That is how a good friend and industry executive described the retail toy marketplace to me recently, and another confirmed that observation the very next day.
Though I have heard that some companies claim significant sales and profit growth this year, in the same breath they like to talk about the problems their competitors are having. One observer claimed that the industry as a whole is being downgraded, though I cannot confirm that statement.
A long term trend has been the declining effectiveness of TV advertising to reach a target audience. With the rapid growth in the streaming of content to mobile devices, the challenge of reaching both children and the 25-35 year-old moms that make purchasing decisions is exacerbated. What to do?
As this very same demographic of Moms upgrade to the latest new iPhone, iPad, etc, they give the older model to their children to play with, and there is a great deal of play value that can be had with such a device over a wide range of ages. Is this then supplanting traditional toy and game purchases? Moms' yearly $500+ upgrade to the latest model mobile phone/tablet has to come out of the budget somewhere. Are toy expenditures suffering as a result?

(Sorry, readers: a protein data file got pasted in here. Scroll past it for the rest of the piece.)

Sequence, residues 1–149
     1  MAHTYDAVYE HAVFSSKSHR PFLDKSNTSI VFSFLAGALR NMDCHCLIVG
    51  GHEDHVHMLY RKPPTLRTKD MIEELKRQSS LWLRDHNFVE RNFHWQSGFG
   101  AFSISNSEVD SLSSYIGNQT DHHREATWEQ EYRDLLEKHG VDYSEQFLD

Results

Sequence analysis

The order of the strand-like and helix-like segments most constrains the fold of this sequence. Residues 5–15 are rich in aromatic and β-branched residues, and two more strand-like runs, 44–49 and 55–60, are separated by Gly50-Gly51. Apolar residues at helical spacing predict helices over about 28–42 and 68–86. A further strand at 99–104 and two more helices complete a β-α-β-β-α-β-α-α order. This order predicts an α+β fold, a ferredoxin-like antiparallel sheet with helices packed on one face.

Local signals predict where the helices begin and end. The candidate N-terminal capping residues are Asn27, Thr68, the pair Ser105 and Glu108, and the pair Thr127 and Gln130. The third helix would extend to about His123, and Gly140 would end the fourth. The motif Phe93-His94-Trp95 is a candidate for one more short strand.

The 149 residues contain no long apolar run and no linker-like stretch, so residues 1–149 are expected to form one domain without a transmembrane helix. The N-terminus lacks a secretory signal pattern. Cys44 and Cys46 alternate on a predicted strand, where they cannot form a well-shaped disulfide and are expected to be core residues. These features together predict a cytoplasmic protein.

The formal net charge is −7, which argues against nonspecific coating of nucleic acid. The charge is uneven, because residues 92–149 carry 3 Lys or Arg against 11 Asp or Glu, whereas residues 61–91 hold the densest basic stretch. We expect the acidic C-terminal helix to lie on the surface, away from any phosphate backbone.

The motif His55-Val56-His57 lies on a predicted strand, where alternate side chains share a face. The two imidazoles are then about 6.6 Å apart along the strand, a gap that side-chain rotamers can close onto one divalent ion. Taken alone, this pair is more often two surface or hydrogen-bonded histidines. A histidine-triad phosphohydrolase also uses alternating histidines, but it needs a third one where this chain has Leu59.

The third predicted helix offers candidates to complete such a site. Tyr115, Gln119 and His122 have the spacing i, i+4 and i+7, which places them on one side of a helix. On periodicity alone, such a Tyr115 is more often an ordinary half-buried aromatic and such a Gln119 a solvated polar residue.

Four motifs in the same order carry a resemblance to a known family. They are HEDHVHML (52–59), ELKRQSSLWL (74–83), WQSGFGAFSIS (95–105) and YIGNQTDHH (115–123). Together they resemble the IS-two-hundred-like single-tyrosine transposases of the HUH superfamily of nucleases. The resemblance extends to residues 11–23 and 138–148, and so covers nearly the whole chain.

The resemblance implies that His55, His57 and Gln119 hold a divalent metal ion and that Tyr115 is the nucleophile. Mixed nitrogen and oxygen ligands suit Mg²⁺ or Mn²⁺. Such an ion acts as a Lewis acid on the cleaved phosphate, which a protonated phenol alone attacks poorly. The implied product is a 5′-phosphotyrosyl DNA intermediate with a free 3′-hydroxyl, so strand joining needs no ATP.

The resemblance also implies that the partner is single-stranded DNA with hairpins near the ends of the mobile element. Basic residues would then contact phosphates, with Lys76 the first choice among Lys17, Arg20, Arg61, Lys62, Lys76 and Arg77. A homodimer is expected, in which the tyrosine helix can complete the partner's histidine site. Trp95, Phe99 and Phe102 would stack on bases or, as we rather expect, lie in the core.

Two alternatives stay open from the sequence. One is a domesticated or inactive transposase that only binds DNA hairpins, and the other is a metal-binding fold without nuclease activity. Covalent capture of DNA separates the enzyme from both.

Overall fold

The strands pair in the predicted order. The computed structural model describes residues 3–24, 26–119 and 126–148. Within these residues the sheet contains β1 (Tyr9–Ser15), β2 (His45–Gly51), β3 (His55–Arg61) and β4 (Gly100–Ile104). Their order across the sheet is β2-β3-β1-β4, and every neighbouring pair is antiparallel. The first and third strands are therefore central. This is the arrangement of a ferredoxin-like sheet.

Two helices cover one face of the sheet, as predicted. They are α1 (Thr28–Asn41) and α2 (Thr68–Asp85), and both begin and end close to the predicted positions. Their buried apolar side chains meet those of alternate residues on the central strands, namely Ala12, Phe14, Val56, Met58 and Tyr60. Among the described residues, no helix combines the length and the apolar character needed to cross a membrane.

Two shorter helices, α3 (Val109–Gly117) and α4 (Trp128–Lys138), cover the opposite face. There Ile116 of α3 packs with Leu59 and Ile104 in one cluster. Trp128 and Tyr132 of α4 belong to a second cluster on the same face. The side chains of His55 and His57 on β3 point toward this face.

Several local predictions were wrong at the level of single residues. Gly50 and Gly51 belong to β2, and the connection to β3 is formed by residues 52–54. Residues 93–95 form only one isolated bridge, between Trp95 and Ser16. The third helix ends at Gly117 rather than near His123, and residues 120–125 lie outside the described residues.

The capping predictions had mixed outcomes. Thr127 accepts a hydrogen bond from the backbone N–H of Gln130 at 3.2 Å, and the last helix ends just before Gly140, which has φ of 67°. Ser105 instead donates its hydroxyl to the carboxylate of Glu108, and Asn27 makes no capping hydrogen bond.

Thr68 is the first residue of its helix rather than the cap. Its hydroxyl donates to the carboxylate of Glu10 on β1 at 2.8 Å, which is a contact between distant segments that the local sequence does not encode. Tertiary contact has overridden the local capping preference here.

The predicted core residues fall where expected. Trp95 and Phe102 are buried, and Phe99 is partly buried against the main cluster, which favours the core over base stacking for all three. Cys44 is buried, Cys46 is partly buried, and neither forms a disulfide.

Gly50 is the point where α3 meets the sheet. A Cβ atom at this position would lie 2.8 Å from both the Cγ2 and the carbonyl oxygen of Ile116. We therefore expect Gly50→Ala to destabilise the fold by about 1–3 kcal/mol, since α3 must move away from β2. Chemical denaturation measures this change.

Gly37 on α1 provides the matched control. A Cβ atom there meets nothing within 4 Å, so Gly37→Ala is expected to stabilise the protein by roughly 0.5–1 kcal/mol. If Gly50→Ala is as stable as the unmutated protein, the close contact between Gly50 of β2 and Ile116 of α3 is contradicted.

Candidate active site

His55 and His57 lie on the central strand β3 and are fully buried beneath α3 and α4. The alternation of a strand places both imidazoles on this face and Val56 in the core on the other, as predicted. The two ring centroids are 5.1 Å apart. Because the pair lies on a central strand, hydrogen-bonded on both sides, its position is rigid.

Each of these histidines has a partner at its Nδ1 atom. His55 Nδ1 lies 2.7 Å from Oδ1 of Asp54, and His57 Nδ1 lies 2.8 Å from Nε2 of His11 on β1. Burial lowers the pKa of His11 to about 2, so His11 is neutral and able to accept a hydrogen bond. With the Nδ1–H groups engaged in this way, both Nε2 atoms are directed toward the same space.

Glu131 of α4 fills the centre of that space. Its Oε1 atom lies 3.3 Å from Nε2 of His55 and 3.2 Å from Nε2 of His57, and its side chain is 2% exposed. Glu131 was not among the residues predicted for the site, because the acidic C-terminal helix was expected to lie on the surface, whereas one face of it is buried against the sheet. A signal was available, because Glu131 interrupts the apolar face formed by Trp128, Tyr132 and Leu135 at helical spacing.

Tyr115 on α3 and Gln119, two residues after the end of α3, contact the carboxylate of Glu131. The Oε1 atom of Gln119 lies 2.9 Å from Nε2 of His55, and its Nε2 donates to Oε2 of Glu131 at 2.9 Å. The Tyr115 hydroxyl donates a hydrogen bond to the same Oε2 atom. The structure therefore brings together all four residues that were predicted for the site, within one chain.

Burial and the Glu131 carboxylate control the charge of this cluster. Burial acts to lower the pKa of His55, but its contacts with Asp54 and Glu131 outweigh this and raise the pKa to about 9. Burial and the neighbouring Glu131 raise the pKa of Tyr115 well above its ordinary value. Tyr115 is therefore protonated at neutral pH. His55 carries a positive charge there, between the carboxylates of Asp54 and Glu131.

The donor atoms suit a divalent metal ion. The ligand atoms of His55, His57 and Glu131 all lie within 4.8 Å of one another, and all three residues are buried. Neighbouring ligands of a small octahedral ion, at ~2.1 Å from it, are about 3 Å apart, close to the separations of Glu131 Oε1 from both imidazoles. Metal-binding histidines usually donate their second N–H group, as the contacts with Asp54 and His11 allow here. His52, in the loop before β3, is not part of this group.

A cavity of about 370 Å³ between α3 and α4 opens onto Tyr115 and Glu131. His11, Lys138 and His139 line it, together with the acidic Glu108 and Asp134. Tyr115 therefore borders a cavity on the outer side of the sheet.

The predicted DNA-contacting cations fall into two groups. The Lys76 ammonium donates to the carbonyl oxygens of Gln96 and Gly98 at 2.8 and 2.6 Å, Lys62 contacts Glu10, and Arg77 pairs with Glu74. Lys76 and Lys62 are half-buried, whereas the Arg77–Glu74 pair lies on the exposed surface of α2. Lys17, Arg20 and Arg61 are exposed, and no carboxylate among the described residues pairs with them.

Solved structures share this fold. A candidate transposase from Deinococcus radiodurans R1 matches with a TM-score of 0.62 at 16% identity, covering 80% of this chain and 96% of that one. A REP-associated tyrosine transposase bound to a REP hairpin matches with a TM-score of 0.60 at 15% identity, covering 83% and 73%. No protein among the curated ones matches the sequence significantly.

Play value is not just time spent playing with a toy or game, but also the value of the intangible benefits of playing with such toy or game – like learning how to effectively interact with others, learning fine and gross motor skills, etc., etc., – that an on screen app will not likely provide.
The toy execs that I spoke with on the subject have little explanation for it. There is no blockbuster toy this year for reasons that elude me and them. I'm not sure there was one last year. We have economic worries domestically, and Europe is a freakin’ mess, though toy sales in Europe are reported to be fine. Since time immemorial video games and computer games have competed and taken dollars away that might otherwise be spent on toys.
Is it a lack of innovation in product? Is it ineffective marketing? Is it the economy? What do you think?